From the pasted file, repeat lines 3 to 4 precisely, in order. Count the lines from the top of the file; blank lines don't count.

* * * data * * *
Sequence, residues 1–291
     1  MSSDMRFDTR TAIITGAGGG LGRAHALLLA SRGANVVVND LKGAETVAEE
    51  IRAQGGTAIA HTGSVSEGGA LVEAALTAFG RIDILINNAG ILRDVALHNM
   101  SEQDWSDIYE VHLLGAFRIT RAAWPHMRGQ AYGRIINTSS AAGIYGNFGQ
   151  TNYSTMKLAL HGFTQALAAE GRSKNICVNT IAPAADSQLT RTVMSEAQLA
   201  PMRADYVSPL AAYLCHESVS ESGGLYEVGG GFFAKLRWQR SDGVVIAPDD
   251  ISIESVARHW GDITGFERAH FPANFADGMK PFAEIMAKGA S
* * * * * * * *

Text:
    51  IRAQGGTAIA HTGSVSEGGA LVEAALTAFG RIDILINNAG ILRDVALHNM
   101  SEQDWSDIYE VHLLGAFRIT RAAWPHMRGQ AYGRIINTSS AAGIYGNFGQ